THEATRE AT HOME REVIEW: The Unknown Island ★★★
The Unknown Island
The Gate Theatre, London
Tuesday 11th September - Sunday 7th October 2018
Based on Nobel prize-winning novelist Jose Saramago’s short story, The Tale of the Unknown Island, Clare Slater and Ellen McDougall’s 2018 adaption was staged within The Gate Theatre’s 75- seater intimate, to which was reconfigured to include it’s audience round all sides, mirroring the action later into the piece’s narrative when the ship’s crew, made of the productions collaborators Jon Foster, Hannah Ringham, Thalissa Teixeria, and Zubin Varia, set sail to search for ‘The Unknown Island’, a place which somehow must exist according to one of it’s crew, almost like the city of Atlantis.
Slater’s writing stops at nothing to cram in as much detail into the story for a short running time of just 55 minutes, and even though the audience must get a kick out of being offered wine, olives, and bread at one point, which most certainly goes on a little bit longer than needed, especially when those watching from the comfort of their own homes of void of the luxury, for a family production it doesn’t feel like there’s much enjoyment for the little ones; admittedly, the production does at times break out some party music and inflatable balloons for the collaborators to play with, but there is very little inclusion for the children, who must certainly should be a priority for a swash-buckling adventure that I’m sure they thought they were settling in for.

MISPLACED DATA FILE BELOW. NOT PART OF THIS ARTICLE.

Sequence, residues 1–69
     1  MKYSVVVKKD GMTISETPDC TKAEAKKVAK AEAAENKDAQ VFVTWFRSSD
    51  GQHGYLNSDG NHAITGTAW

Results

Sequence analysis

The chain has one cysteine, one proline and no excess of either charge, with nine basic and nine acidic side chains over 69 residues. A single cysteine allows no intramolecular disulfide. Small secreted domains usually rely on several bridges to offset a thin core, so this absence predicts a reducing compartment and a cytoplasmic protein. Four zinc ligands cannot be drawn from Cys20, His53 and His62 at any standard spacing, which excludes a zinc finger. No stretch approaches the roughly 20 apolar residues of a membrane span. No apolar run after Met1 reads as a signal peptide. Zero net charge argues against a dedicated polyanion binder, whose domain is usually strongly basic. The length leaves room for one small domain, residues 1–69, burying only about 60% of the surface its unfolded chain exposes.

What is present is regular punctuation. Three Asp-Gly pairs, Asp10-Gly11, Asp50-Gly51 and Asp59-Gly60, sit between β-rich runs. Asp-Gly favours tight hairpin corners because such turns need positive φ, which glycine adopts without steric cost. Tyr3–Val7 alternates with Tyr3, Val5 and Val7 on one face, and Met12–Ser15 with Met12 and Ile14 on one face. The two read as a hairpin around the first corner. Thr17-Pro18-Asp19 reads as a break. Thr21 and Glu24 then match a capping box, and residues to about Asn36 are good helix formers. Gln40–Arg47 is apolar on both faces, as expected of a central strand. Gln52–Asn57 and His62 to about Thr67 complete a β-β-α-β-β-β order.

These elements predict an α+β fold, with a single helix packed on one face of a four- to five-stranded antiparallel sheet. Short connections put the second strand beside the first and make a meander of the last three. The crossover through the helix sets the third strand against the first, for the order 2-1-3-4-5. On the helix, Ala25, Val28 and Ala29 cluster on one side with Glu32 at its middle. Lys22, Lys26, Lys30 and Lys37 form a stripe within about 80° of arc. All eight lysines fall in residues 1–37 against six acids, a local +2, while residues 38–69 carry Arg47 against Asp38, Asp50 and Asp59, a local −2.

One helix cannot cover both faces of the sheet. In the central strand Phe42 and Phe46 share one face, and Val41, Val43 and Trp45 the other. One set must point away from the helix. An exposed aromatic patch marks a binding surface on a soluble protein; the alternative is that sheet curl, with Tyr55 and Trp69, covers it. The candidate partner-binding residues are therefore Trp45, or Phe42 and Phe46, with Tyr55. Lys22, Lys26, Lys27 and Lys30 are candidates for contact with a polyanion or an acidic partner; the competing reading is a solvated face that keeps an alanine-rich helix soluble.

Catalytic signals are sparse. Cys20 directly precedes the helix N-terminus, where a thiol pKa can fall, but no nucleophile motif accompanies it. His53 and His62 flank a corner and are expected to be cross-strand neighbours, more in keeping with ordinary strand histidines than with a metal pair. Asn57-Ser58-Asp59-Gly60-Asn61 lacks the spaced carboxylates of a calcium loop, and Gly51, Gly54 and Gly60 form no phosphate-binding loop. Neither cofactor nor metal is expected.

Rosie Elnile’s design contrasts the costumes to scenery perfectly however, with a flood of turquoise blue dominating from the ground to the ceiling, whilst minimal props such as a model ship and storage box in the centre helps the lack of too many big set pieces hindering the imagination from its audience. In terms of the script, some moments do appear to become a bit heavy on the theory of taking a boat off-shore, which certainly drags down the hilarity and fun that could be instead installed within its place, and could have must certainly done with perhaps a sing-along song with actions to entice it’s audience demographic back into the adventure.
Overall, whilst the cast deal nicely with the script that they are provided with, sadly there’s no real stand out moment in terms of character performance or story beat, in a production that sells itself as a mysterious and thrilling tale, but fails to deliver on taking it’s audience’s imagination and excitement along for the ride.
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